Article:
Bakker’s public support was particularly noteworthy since no one from the LGBT community was invited to speak about sexuality issues from the main stage. Some gay men spoke at smaller venues, including Toscano, Glen Retief, and Paul Fromberg. No out lesbian, bisexual, or transgender people were afforded their own stages, except for lesbian rocker and former contemporary Christian music star Jennifer Knapp, who was invited to give a musical performance, not speak about LGBT justice.

Knapp made the most of the opportunity, raising her hand a few minutes into her set and asking, “Did anyone here not know that I’m a lesbian?” Referring to the condemnation she has received from some Christians, and noting that her “Facebook ‘likes’ go down every time I say anything gay,” Knapp told her audience, “My family has been far less understanding about why I persist in my faith than why I persist in my love. I know that some of you might get up and walk out. That’s okay. People have been standing up and walking away from me for years when I tell them I’m a Christian.”

Knapp energized the crowd when she said the It Gets Better project had asked her to film a video from the stage. “I’ll only do it if you all will help me out,” she said. When the audience responded enthusiastically, Knapp’s tour manager stepped onto the stage and started filming:

My name is Jennifer Knapp, and I’m hanging out here at the Wild Goose Festival celebrating art, music, and spirituality. I just wanted you to know that you’re a child of God, and I’m a child of God. No matter what your sexual orientation is, you are a child of God. I sincerely want you to know that it does get better, and there are a lot of people at this festival who would like to tell you that as well.

The large audience—which included many evangelical Christians—echoed the video’s promise in an act of solidarity that would have been impossible to imagine in such a crowd 10 years ago. One audience member later wrote, “I was so choked up that I couldn’t even join in with the crowd as they shouted out. It was a moving moment.”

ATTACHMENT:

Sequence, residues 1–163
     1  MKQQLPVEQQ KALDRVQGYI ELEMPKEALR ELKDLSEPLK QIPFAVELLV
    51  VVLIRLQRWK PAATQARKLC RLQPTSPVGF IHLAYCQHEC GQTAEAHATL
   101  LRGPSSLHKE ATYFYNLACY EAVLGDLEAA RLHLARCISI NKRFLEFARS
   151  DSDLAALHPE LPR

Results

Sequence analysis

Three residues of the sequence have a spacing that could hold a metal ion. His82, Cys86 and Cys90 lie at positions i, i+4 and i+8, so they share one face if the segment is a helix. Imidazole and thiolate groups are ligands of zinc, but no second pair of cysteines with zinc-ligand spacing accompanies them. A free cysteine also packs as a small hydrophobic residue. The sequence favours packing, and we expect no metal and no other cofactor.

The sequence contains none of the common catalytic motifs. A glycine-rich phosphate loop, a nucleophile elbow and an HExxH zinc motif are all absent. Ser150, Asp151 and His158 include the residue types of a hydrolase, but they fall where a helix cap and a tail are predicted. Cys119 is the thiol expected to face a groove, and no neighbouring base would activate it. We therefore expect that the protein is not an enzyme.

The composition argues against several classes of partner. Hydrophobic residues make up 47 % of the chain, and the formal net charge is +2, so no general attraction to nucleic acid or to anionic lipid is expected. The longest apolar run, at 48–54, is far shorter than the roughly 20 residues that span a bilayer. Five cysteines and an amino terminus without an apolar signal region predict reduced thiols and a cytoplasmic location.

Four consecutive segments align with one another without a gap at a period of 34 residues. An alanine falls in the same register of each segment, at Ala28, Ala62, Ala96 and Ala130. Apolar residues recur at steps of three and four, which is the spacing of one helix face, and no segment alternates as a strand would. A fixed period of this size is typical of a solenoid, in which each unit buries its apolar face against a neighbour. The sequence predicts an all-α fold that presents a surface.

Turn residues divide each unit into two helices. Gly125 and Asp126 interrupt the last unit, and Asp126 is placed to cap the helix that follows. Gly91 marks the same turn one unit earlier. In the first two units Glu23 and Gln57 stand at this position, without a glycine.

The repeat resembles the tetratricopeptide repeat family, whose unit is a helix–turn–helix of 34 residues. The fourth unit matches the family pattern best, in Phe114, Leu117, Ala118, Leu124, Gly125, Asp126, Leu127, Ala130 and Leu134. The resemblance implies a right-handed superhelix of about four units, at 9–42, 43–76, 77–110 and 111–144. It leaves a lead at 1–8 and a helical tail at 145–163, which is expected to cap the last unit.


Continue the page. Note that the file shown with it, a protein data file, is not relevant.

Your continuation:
“Dressing It Up in Designer Jeans and Hair Gel”

Many LGBT people I spoke with had largely positive experiences at Wild Goose. Volunteer Brian Ammons, pastor of Raleigh’s Trinity’s Place, said he felt “a call to continue in conversation” with non-affirming individuals, and found the experience encouraging. He expressed respect for what he called the organizers’ “sincere attempt to create spaces where we can disagree.” Retief, author of the new memoir The Jack Bank, said he felt welcomed and accepted,

“because I felt the center of gravity of the mostly young, cool, hipster social justice-supporting attendees was overwhelmingly pro-queer. I thought Campolo and his cohorts were on a bit of an intellectual island… Pro-queer statements got cheered at panels; antigay statements were generally met with silence.”

But not every emergent-church hipster uniform suggested progressive politics, as attested by the presence of Devin Murphy, a young member of the evangelical Calvinist tradition who noted that his pastor trained for the ministry under the late R.J. Rushdoony, who famously called for public execution of LGBT individuals. Though Murphy stressed that neither he nor his pastor is interested in working for capital punishment for gays, he did say that his church, which works to distance itself from the extremes of Christian Reconstructionism, was unwilling to join the mainline Presbyterian Church (USA) because of its gay-friendly ordination policy. Nadia Bolz-Weber, an “emergent” figure and a vocal ally of the LGBT community, acknowledged the presence of what she called “young warriors,” her term for “traditional conservatives who are not rethinking their theology,” but “dressing it up in designer jeans and hair gel, emulating the suburban ideal of what it means to be hip and urban.”

Wild Goose organizers were undoubtedly sincere in their effort to create a welcoming space, and they largely succeeded. But the effort was marred by the inclusion of non-affirming contributors. The discussions at Wild Goose mirror broader conversations taking place in Christian communities about the distinctions between welcome and affirmation, about who takes responsibility for reconciliation between the church and its LGBT members. In the future, festival organizers should invite a range of LGBT people to lead conversation from the main stage on their own terms rather than Campolo’s or Marin’s. And they should take to heart these words from the Gay Christian Network’s Justin Lee:

When we talk about reconciliation, it’s wrong to posit Christians and LGBT folks on opposite sides. It’s not a simple issue, and it’s not just a matter of two sides coming together on equal terms. The burden is really on the church as a whole to correct the mistakes we—as the church—have made when it comes to this issue… Our organization tries to figure out ways of constructively and strategically working to change these beliefs in the church… We are not interested in saying, “I want fellowship with you even though you believe I’m going to hell,” but in asking questions like, “What could change in the church to make it more loving?”